The increase in the use of imprisonment is referred to by penal scholars by a variety of terms, such as ‘mass incarceration’ or ‘the penal state’. These terms capture the shift that has occurred since the early 1980s whereby rates of imprisonment have almost doubled in some countries. The US led the way in the expansion of the use of imprisonment. There are now more than 2 million Americans in custody. The overwhelming majority of prisoners – as in all countries – come from poor, urban communities. Racial minorities are overrepresented (Simon, 2007; Clear, 2009; Alexander, 2012). These developments in the penal system have taken place during a period when mental health institutions have closed. This chapter will explore the relationship between deinstitutionalisation and the increase in the use of imprisonment. The chapter begins with a consideration of the problem of how we define ‘mentally disordered offenders’. There is then a brief outline of the Penrose Hypothesis (Penrose, 1939; 1943), which sought to explain the links between the use of imprisonment and institutionalised psychiatric care. This approach will be used as a critical lens through which to examine policy developments in this area. Broader issues regarding the treatment of mentally disordered offenders will then be discussed. This section will highlight the pressures on the Criminal Justice System (CJS) and the way that it has become, in many cases, a de facto provider of mental health care. The argument that deinstitutionalisation has led to the ‘criminalisation of the mentally ill’ will be discussed. The legacy of deinstitutionalisation and the expansion of the penal state will be discussed, focusing on contemporary issues in the CJS.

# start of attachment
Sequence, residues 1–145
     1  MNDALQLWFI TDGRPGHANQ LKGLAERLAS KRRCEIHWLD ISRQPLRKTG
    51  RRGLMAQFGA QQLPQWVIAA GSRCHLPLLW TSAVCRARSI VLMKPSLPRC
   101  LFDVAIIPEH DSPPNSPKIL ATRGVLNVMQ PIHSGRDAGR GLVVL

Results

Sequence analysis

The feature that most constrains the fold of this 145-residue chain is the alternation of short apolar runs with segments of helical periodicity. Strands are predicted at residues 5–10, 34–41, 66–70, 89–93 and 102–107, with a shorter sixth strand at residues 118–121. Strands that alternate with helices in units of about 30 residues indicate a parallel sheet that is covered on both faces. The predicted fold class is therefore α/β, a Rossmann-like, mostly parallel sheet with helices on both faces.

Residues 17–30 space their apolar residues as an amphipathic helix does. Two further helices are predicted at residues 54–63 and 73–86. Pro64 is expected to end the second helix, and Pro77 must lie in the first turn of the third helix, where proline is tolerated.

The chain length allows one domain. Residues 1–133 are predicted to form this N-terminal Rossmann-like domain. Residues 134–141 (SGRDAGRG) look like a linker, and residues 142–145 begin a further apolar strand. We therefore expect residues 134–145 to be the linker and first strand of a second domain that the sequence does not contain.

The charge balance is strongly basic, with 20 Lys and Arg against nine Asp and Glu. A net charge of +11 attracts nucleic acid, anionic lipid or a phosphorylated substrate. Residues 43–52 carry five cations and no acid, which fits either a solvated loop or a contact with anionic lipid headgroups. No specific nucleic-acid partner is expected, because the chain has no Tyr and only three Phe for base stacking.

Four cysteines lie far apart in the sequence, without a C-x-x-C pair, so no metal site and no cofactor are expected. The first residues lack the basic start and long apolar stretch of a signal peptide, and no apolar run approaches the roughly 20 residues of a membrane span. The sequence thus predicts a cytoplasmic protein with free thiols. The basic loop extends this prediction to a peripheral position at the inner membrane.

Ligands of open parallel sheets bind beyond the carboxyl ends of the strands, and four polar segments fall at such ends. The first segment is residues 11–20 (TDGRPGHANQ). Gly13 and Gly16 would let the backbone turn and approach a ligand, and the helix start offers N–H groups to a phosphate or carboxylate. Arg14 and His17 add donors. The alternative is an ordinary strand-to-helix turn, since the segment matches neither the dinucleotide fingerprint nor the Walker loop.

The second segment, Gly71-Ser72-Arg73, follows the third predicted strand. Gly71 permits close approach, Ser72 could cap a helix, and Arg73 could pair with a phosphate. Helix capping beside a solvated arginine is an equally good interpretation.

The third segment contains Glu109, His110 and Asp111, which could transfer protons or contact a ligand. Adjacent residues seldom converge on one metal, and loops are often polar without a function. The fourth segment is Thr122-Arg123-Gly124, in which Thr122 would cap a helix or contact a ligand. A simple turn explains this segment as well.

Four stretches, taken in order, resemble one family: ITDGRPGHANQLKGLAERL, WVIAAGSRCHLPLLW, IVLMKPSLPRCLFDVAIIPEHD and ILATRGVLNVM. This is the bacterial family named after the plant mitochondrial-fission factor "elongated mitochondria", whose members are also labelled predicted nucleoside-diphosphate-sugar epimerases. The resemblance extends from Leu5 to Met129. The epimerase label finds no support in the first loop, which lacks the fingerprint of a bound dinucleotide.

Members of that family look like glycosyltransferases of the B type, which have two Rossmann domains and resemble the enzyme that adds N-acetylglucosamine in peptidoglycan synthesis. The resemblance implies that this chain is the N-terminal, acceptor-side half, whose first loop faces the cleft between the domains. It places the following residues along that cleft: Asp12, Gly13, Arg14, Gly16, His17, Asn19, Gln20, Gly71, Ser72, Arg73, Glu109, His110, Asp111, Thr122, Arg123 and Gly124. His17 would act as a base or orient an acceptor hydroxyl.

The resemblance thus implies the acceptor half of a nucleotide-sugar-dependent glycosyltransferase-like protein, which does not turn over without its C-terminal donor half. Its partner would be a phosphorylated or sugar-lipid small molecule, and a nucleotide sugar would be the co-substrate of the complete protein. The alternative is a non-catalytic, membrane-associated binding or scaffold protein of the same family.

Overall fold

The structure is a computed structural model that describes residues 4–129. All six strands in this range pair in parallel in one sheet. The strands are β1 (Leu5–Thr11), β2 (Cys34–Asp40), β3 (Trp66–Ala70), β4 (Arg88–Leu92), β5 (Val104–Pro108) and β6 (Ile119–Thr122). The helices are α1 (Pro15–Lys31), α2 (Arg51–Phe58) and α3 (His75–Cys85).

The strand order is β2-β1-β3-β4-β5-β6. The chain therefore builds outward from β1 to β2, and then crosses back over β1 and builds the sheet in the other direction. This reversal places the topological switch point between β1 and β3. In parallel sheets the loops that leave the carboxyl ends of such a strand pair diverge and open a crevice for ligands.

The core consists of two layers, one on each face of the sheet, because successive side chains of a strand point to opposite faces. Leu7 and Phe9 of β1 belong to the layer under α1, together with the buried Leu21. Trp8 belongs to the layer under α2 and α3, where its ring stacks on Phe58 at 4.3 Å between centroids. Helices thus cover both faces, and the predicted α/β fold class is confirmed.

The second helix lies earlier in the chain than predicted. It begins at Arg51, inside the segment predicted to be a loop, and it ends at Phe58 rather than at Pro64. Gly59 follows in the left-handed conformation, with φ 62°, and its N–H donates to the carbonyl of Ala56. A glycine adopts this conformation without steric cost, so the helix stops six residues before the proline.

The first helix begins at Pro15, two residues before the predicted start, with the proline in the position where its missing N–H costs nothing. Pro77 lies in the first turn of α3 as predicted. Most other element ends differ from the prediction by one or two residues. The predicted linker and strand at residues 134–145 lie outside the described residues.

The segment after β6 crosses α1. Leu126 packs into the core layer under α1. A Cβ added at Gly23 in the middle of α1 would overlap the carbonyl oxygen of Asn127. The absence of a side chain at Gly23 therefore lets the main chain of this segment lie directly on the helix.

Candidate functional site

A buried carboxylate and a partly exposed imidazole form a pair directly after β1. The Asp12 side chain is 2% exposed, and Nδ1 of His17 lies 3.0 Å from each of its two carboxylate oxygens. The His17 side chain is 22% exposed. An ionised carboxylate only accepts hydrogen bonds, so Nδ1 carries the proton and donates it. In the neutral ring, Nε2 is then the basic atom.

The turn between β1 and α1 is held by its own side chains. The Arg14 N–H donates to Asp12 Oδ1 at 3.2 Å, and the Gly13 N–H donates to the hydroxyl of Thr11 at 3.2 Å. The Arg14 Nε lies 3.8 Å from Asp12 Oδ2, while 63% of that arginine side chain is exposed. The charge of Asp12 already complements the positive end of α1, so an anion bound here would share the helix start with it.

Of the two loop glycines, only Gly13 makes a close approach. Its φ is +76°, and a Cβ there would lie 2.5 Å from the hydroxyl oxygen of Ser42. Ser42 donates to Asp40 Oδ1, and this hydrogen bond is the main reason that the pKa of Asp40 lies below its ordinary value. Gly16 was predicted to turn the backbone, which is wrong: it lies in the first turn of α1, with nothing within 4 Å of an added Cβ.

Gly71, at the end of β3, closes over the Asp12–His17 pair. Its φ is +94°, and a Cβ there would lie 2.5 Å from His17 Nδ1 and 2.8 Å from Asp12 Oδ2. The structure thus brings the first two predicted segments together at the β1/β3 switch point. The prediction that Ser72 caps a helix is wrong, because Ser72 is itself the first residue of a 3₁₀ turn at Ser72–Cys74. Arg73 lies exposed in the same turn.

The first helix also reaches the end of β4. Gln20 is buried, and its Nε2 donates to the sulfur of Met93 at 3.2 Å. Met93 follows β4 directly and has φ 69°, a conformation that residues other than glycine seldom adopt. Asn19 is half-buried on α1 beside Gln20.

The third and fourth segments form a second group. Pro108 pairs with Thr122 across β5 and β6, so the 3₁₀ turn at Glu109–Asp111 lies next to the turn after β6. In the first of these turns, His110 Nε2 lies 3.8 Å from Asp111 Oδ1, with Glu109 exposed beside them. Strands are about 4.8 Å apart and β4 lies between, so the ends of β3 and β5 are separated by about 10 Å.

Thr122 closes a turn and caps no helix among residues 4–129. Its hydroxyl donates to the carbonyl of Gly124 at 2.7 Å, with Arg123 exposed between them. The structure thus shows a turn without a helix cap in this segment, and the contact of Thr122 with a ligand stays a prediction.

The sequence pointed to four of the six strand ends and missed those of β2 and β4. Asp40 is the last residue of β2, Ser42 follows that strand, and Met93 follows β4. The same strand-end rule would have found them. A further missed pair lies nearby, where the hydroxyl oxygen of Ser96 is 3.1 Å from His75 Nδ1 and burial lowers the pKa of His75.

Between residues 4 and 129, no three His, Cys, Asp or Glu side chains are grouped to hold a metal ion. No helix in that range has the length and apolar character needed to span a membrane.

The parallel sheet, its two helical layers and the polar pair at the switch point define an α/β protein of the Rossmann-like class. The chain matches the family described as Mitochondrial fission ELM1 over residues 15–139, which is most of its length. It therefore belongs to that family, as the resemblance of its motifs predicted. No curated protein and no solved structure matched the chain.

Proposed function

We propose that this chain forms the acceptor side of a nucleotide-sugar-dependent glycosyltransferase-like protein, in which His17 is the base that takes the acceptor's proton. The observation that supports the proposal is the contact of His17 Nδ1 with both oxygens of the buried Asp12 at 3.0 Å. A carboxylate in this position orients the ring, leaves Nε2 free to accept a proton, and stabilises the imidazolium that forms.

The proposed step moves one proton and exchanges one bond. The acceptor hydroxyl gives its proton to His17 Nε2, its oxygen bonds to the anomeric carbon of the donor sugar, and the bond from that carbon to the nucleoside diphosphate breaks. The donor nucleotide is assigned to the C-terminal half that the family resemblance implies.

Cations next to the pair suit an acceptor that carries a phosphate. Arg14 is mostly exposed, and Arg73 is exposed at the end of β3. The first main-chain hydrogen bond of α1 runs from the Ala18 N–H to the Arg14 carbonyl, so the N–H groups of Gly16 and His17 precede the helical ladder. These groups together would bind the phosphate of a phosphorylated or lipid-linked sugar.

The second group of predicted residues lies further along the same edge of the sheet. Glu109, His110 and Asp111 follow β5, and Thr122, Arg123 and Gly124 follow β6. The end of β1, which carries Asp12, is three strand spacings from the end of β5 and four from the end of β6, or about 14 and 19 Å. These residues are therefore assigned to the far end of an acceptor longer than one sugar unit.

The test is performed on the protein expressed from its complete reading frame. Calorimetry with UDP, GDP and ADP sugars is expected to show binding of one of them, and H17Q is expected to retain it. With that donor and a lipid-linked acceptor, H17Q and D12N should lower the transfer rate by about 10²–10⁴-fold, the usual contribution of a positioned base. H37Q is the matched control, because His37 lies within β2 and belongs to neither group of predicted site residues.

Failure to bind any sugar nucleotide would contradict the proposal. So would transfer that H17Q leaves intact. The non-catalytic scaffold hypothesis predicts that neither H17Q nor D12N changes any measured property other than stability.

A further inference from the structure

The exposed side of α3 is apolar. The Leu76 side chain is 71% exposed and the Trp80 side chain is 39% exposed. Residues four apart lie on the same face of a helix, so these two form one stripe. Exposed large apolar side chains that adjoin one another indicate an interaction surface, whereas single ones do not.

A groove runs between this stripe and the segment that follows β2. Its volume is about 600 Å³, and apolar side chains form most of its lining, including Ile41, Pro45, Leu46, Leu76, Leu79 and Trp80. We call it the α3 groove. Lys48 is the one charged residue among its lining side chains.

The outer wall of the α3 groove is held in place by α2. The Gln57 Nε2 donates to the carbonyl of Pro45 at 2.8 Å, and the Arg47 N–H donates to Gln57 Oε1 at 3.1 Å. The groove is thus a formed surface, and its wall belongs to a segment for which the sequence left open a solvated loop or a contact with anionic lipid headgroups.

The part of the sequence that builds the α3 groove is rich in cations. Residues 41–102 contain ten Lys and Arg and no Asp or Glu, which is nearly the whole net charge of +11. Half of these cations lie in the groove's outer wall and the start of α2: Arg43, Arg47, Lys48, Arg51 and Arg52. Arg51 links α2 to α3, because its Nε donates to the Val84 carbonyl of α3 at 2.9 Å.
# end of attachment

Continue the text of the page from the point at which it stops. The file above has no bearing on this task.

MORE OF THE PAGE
The problem of definition
What do we mean by the term ‘mentally disordered offender’? At first, this appears a straightforward question: surely it is an offender who has committed offences as a result of the symptoms of mental illness. However, further consideration reveals that the complexities of the debates in this field. A very narrow definition of the term might limit its use to those who had been convicted and sentenced under the provisions of the Mental Health Act (1983). This is actually a very small group indeed. Such a definition would exclude important areas where the CJS and mental health systems intersect.